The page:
Is This Struggling Tech Company Finally Ready for the Picking?
Meena is a member of The Motley Fool Blog Network -- entries represent the personal opinion of the blogger and are not formally edited.
BlackBerry (NASDAQ: BBRY) has been in survival mode for a while now, but that mode may be switching to panic among some investors -- perhaps including fund manager Andreas Halvorsen -- as the company posted a very disappointing May quarterly earnings report, just three months after posting a better-than-expected report for the February quarter. It is pretty clear at this point that BlackBerry is at the crossroads in determining its future...if such a thing will even exist much longer.
After trading at around $14 per share at one point, BlackBerry dipped below $10 a share last week, losing about 30% of its modest market cap in a matter of days. And there was supposedly a lot of pressure on CEO Thorsten Heins this week when he went before shareholders on Tuesday at the company's annual shareholders meeting.
However, a funny thing happened: Heins must have wowed the crowd and said all the right things, because in the hours after the close of the meeting, the price of BlackBerry stock surged 3%. We, at Insider Monkey, do not know the substance of what he said, but whatever it was, seemed to be music to attending investors' ears, because it seemed that more shareholders either jumped on board or increased their stakes in the company.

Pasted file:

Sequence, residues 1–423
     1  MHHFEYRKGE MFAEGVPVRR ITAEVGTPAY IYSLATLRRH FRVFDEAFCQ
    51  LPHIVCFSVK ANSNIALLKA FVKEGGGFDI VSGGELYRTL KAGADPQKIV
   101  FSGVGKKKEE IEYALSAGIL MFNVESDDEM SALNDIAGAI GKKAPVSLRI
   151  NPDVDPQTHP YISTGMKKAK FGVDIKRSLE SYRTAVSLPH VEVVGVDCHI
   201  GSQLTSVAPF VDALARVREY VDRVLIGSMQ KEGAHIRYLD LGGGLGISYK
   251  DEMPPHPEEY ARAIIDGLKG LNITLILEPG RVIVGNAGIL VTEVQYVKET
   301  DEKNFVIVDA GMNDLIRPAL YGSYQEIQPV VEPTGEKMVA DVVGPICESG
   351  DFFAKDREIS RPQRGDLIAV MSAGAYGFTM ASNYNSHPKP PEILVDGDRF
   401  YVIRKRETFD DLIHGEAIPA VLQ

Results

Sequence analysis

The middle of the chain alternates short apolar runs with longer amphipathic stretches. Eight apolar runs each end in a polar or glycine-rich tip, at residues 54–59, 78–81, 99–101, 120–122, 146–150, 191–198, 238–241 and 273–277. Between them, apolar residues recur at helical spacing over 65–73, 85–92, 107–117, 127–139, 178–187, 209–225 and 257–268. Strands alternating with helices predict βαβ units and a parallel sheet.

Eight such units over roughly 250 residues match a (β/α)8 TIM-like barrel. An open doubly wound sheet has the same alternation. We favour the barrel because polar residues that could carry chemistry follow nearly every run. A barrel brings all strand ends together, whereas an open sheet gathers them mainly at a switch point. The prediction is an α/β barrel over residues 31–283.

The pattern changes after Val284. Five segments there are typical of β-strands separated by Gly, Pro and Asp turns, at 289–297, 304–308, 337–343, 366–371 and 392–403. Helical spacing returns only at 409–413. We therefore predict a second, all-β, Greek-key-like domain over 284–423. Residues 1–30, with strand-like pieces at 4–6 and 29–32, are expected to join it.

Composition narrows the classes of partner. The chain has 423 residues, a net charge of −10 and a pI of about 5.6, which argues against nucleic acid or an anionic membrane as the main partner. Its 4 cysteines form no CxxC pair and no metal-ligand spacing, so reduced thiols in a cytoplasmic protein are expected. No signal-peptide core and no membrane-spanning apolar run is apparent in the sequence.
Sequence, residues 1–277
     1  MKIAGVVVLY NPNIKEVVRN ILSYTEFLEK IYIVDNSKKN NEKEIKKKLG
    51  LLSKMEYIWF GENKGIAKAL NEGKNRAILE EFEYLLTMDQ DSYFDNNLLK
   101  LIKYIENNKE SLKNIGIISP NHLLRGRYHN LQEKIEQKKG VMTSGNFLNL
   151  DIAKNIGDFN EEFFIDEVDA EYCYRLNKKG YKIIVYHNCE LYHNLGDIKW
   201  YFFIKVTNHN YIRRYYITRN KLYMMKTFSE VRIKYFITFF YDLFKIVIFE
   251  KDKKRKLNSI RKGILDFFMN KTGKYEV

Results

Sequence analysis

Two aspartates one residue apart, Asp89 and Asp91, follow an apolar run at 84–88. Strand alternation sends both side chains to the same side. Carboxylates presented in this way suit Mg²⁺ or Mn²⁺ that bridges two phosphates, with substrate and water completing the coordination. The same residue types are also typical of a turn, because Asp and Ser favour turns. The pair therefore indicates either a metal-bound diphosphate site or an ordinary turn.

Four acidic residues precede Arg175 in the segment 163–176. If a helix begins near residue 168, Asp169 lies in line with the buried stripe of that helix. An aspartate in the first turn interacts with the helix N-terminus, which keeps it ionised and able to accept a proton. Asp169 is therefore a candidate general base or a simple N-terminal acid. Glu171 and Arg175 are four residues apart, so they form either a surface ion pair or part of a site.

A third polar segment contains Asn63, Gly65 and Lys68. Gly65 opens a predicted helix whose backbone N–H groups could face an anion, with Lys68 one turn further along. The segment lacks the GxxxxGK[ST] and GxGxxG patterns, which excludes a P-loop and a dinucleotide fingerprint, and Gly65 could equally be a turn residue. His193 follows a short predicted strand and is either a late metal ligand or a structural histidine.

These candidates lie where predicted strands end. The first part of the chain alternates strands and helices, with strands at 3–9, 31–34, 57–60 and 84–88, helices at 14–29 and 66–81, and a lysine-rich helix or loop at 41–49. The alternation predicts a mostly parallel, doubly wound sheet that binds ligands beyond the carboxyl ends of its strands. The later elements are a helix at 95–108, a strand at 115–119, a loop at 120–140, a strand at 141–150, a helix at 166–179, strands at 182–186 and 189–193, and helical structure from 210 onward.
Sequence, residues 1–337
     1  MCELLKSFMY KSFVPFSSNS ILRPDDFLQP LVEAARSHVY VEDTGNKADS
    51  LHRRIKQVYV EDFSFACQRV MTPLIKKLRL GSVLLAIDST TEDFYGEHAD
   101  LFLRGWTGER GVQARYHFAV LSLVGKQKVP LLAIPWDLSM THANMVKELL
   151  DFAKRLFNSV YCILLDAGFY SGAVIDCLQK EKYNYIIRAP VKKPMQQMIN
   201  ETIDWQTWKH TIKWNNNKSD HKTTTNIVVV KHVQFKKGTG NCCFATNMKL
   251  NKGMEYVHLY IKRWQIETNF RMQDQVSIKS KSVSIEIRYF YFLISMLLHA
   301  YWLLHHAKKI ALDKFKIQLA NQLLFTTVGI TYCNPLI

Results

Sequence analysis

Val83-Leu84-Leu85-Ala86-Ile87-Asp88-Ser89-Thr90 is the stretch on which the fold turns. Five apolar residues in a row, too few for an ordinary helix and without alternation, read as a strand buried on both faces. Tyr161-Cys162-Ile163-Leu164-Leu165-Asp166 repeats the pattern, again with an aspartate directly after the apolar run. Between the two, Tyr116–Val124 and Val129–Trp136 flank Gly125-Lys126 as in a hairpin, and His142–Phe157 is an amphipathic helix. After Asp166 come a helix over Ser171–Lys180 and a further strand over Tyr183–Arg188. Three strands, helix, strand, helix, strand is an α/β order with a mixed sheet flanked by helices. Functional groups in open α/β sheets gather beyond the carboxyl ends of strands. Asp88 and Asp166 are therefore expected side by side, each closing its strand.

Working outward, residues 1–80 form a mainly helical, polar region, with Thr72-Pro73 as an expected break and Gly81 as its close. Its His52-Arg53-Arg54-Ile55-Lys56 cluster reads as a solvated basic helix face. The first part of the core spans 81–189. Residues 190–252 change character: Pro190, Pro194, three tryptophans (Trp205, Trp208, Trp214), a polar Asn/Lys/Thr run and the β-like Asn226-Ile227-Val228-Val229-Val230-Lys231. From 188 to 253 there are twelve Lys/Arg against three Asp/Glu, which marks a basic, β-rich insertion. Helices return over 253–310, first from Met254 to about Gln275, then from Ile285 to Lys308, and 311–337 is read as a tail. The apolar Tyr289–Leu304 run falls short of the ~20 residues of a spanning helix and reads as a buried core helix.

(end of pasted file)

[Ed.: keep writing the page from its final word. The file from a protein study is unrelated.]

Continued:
So, just when it seems that BlackBerry might have a plan in place to actually survive, there was some news coming from the Wall Street Journal this week that revealed that BlackBerry is slated to announce a new round of major layoffs at the company in the very near future, and that the company has started that process by firing its head of U.S. sales, Richard Piasentin, in late June.
There is no immediate word as to the scope of the layoffs, but the word "massive" has been tossed around. Whether or not "massive" figures can be compared to the 5,000 layoffs the company reported in its previous fiscal year remains to be seen. By comparison, Nokia (NYSE: NOK) laid off 10,000 jobs in 2012, with an additional 1,000 cut earlier this year, while other smartphone competitor Sony laid off 10,000 in its 2012 fiscal year.
Nokia’s layoff decision came on the heels of a worse-than-expected second quarter last year, and by the fourth quarter of 2012, it was able to turn a profit, before beating expectations in Q1 of 2013. While Stephen Elop & Co. certainly have a long way to go—and their near-term fate may rest with Nokia’s rumored "625" phablet—it’s promising that last year’s layoff helped profitability.
So there’s that BlackBerry can stick under its cap. In fact, unless you’re Google (NASDAQ: GOOG) or Apple (ignoring Google’s job cuts at Motorola Mobility), it’s difficult to not expect some sort of labor force slimming. According to comScore, BlackBerry held 4.8% of the smartphone platform market at the end of May, a decrease of 0.6 percentage points from three months earlier. Nokia, meanwhile, still holds 0.4% of the market with its Symbian OS, while it has helped Microsoft attain 3% of the market.
Obviously, all of these bottom-feeders have a lot of ground to make up in comparison to Google’s 52.4% share and Apple’s 39.2% mark, but it’s worth mentioning that Symbian was the No. 1 OS as little as two years ago. There’s still hope for BlackBerry and Nokia, and in Google’s case, it’d be unreasonable to expect any slippage in the near future. Google’s Moto X Phone will be its first release as an OEM (original equipment manufacturer), and is almost guaranteed to have a net positive effect on the company’s market share statistics by as early as the fourth quarter.